On top of that, my mind and conversely my knowledge of law, is now way beyond anything I could of ever imagined when all of this started, and so if there’s anything that would make me even happier, it would be to have the chance to promote this book across the United States of America (a dream I know), and also to know that thousands of law students and law scholars will draw tremendous benefit from having read it, while to establish myself as a credible legal consultant either here or overseas would simply be the icing on the cake (unless someone out there is willing to help me become a US lawyer, in which case I would probably cry and then pass out).
And so with all of the above now put to electronic ink, I think it’s time for me to get back to work, and look forward to the day when this, my biggest project ever, gets to see the light of day, and hopefully catch the eyes of those seeking legal knowledge in a way never before delivered…so until then please just watch this space and thanks for reading.
After working on this final chapter of the book for the past few months, I’m very pleased to announce that it is now finally complete, which has left me feeling a mixture of emotions, particularly as this wonderful and frankly unprecedented project has been the primary focus of my energy since November 2017.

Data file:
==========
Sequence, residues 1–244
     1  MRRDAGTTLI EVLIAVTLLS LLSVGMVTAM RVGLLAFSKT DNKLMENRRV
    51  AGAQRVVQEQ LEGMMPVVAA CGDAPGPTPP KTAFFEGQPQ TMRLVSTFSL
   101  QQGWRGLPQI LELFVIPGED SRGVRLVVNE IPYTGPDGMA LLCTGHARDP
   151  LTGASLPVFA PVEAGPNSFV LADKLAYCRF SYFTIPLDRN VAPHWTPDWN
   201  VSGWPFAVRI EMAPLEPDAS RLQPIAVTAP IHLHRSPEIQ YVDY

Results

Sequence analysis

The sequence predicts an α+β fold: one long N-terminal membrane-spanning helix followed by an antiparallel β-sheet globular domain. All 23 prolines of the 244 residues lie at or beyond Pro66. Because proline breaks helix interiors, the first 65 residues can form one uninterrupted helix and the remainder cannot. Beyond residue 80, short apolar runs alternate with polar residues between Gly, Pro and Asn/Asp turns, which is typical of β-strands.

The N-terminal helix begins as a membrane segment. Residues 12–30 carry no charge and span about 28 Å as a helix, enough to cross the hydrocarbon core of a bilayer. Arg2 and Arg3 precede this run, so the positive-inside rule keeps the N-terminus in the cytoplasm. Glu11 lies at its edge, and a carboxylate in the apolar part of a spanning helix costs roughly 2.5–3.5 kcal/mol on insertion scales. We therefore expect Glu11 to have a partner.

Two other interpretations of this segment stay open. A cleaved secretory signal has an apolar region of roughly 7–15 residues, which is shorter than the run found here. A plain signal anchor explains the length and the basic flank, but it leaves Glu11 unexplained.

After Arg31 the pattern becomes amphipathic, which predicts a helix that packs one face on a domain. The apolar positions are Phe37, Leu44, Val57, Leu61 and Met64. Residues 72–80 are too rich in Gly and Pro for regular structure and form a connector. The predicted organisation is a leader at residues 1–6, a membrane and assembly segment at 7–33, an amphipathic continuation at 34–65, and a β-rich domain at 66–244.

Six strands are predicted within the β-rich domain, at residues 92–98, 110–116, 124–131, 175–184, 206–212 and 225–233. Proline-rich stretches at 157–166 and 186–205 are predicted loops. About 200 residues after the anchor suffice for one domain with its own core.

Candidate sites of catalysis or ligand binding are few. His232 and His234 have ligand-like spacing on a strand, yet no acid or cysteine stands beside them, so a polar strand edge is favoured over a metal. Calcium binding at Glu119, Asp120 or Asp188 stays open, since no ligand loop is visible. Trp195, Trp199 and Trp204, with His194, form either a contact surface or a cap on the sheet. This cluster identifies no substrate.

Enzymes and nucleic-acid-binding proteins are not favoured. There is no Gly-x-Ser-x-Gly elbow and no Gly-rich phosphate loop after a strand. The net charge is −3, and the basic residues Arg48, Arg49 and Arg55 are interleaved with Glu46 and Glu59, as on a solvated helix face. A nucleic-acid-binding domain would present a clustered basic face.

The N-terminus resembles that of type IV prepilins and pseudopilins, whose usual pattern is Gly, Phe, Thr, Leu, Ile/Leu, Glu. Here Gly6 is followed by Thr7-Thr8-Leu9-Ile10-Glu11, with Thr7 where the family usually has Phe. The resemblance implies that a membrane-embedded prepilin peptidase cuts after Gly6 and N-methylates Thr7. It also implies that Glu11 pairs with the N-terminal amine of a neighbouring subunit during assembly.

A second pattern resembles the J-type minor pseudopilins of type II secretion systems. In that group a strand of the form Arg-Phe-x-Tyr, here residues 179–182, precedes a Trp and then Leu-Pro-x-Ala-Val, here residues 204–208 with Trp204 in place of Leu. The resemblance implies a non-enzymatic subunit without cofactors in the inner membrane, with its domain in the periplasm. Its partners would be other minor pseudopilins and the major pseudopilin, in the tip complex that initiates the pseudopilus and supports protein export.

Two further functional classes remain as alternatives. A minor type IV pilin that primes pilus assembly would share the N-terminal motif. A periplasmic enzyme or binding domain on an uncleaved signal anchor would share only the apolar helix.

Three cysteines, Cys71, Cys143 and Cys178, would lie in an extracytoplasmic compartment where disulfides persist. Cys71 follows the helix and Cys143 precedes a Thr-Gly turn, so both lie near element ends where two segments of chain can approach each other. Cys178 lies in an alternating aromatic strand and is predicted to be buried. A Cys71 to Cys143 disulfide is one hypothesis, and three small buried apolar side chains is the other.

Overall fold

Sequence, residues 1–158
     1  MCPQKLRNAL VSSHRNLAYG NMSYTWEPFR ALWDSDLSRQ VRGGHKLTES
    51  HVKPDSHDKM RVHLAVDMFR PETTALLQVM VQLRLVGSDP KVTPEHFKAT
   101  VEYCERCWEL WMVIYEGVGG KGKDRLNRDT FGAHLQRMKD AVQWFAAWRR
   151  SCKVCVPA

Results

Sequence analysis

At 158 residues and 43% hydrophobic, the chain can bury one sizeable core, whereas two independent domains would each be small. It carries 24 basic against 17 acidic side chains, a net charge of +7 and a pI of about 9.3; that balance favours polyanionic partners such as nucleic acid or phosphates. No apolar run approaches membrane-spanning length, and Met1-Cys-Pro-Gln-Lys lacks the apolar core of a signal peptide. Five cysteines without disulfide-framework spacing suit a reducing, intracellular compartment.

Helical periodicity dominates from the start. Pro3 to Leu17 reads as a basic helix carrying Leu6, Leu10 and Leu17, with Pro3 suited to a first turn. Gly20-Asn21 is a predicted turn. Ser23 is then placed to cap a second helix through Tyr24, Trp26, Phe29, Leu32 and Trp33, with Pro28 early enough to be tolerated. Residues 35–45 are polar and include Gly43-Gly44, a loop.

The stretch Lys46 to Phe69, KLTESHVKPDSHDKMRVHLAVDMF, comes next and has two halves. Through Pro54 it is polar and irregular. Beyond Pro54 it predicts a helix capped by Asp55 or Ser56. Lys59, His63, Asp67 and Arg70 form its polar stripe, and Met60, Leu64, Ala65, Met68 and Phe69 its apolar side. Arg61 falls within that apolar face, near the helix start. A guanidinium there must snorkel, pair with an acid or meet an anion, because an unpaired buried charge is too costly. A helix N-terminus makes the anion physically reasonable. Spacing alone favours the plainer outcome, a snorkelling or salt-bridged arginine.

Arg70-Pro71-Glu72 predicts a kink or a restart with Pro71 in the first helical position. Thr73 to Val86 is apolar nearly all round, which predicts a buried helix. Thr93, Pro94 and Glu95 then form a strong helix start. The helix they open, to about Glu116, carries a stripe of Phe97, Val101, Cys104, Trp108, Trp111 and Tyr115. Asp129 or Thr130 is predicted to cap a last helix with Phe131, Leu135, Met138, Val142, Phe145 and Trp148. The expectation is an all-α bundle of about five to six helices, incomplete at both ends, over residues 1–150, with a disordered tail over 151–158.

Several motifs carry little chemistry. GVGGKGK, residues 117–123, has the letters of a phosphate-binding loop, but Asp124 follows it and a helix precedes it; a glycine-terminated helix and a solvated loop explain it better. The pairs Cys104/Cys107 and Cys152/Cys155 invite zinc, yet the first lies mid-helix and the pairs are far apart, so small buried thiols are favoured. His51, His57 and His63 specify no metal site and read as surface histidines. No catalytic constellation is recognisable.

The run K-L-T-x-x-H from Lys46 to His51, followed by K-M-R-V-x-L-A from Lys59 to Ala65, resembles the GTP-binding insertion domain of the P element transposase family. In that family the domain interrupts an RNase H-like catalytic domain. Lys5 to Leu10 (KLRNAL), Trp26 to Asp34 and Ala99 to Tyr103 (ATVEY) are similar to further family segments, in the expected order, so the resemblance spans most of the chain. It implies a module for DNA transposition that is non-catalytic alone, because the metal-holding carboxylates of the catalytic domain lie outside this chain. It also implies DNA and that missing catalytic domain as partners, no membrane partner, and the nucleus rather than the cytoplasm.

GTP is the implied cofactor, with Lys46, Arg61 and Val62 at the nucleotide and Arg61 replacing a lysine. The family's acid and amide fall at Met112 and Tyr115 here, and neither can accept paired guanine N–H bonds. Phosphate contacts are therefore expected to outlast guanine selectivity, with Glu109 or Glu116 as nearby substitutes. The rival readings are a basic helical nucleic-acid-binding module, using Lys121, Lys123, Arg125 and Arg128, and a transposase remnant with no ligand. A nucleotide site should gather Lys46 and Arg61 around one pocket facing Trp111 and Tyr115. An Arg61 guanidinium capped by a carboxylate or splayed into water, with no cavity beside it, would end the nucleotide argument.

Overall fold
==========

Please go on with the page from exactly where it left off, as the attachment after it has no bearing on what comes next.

As I have always done with the previous disciplines shown in the forthcoming ‘United States Law’, the final listing is here for you to view, and so I can only hope that you enjoy reading about them as much as I have studying and preparing them for publication.
1. Aetna Health Inc. v. Davila
2. Anderson v. St. Paul & Sault Ste. Marie Railway Co.
3. Beul v. ASSE International Inc.
4. BMW of North America Inc. v. Gore
5. Boim v. Holy Land Foundation for Relief and Development
6. Boomer v. Atlantic Cement Co.
7. Borsheim v. Great Northern Railway Co.
8. Brown v. Kendall
9. Burton v. Cowell Publishing Co.
10. Christensen v. Superior Court
11. Cox Broadcasting Corp. v. Cohn
12. Dillon v. Legg
13. Dillon v. Twin State Gas & Electric Co.
14. Dun & Bradstreet Inc. v. Greenmoss Builders Inc.
15. Earles v. Perkins
16. Escola v. Coca Cola Bottling Co. of Fresno
17. Falcon v. Memorial Hospital
18. Foster v. Preston Mill Co.
19. Garratt v. Dailey
20. Gertz v. Robert Welch Inc.
21. Goldberg v. Florida Power & Light Co.
22. Greenman v. Yuba Power Products Inc.
23. Henningsen v. Bloomfield Motors Inc.
24. Intel Corp. v. Hamidi
25. Jacque v. Steenburg Homes Inc.
26. Katko v. Briney
27. Kline v. 1500 Massachusetts Ave. Apartment Corp.
28. Knight v Jewett
29. MacPherson v Buick Motor Co.
30. Marshall v. Nugent
31. Martin v. Herzog
32. Metro-North Commuter Railroad Co. v. Buckley